The firm said understanding the different regulations and gaining local knowledge helps meet requirements in terms of food safety and quality in the country.
Salvatore Ranchetti, group quality director at Ferrero, told FoodQualityNews.com that it is confident about food safety in the domestic European market.
“Food safety is something we are aware of and have fully under control in the domestic market, which means Europe, which is for us a comfort zone where we know what the rules are,” he said at the Global Food Safety Summit in Madrid.
“We have a strict relationship with our suppliers, we have very good control in our manufacturing operations and we know how our customers treat our products in the distribution chain.”
However, as the firm is trying to expand outside Europe in developing countries it becomes more difficult.
“It’s more difficult to understand which legislation and how it is applicable to our products, how to manage the same product in different regions where the legislation is quite different and then to start the relationship with local suppliers and assess the capability for them to keep food safety under control,” he said.
“The same is [applicable to] the manufacturing plant using a lot of people not confident within an industrial environment and not used to hygiene practices we are using in Europe.”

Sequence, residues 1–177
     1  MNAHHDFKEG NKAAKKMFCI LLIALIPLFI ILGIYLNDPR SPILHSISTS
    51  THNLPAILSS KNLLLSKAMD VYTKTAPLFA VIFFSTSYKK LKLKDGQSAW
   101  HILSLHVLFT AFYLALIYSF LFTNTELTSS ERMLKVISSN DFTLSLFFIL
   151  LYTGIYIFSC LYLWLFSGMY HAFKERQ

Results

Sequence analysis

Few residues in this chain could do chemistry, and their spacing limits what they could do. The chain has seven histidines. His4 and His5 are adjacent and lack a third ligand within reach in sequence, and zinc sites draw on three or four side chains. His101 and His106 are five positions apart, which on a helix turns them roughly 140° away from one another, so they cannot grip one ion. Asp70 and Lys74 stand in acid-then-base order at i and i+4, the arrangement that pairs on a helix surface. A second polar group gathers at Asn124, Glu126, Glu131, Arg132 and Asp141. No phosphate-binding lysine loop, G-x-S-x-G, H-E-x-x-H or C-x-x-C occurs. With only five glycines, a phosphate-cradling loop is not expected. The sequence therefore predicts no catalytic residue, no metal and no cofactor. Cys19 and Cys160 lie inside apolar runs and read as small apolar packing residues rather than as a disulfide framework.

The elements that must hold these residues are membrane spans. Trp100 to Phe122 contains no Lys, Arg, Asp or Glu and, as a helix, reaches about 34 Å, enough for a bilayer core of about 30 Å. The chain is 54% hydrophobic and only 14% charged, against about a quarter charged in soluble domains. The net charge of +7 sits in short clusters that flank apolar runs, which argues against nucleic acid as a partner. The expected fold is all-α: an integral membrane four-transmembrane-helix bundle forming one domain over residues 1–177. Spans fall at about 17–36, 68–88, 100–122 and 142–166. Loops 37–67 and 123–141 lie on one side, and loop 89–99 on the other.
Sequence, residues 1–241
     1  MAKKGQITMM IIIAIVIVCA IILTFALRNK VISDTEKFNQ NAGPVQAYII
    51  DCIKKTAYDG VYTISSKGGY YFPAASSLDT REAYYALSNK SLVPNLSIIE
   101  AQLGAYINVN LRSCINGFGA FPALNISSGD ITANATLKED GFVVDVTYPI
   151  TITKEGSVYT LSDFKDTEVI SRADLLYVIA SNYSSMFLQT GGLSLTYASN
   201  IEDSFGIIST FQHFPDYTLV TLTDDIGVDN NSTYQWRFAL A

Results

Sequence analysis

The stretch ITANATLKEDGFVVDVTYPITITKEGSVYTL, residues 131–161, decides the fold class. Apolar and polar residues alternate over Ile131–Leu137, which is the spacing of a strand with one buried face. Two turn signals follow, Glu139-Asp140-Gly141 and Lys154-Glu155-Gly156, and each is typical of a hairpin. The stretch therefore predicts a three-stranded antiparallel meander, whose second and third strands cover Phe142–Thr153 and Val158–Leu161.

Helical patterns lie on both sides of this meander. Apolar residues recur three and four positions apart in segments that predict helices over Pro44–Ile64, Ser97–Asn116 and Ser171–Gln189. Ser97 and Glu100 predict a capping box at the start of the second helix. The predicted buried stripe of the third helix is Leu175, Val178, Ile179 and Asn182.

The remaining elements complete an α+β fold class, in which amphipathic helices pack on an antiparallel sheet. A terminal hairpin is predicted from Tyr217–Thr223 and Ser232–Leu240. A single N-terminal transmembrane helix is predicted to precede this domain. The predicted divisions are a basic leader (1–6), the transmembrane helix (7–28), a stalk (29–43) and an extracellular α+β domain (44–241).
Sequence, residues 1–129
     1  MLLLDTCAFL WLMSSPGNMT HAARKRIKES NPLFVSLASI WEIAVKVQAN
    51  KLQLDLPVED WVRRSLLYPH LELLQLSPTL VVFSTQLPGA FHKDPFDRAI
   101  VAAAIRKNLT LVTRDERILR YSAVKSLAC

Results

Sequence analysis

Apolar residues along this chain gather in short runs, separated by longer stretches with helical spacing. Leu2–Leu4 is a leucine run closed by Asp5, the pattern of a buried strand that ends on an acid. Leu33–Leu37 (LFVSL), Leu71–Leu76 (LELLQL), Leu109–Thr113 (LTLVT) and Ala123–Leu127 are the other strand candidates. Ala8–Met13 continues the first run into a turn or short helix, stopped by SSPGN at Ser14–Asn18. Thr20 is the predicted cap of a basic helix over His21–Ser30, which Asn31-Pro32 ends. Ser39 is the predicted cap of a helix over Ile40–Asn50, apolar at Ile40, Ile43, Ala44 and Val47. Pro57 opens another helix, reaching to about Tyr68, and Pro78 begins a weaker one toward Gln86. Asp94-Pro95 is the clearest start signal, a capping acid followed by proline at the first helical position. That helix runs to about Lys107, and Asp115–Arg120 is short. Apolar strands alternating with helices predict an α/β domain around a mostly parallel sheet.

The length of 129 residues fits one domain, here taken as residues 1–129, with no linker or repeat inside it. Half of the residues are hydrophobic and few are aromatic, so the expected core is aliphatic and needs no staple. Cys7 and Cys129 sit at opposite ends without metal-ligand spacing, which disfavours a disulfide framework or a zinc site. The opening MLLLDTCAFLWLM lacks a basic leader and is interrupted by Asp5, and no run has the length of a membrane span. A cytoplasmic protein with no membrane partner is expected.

The maker of Tic Tacs, Nutella, Ferrero Rocher and Kinder said a product needs to be adapted to meet different markets in terms of food safety requirements.
Local people in charge
Ranchetti said a key challenge was to transfer the know-how of its products in emerging markets.
“So the combination we found was to use an expert in Ferrero, in this case an expert on food quality and safety, and asking them to give three years of their life going around in the globe and supporting local people, because we want local people to grow in this experience, so people who have studied food science on a local basis but are not aware of Ferrero products,” he said.
“We support those people to become in charge of our quality and our ultimate goal is that for any plant outside Europe we have local people managing quality on a permanent basis.”
Ranchetti said it needs to differentiate country by country while having one common quality system.
“The product portfolio may change depending on the country but we are strict, coherent on our product recipe, to keep it the same everywhere and to find which product can be successful in one country,” he said.
“We have the same approach on food quality and food safety, so we need strict coherence between the different elements in the value chain because if one element in the chain is weak, the entire chain is weak.
“If we look at raw material, ingredients, packaging material and manufacturing operations, conversion to finish product in our production plant as well as at competitor locations and then in the warehouse and transportation to arrive to our customers, we need to keep consistent across all these steps.”
Ranchetti predicted difficult times in the future in terms of raw materials.
“We know that there will be less raw materials available compared to the demand and we see year by year we are forced to buy raw materials in different regions giving more complexity to our system,” he said.
“While we will become more expert it is the market that will take us to consider raw material and origins we are not used to.”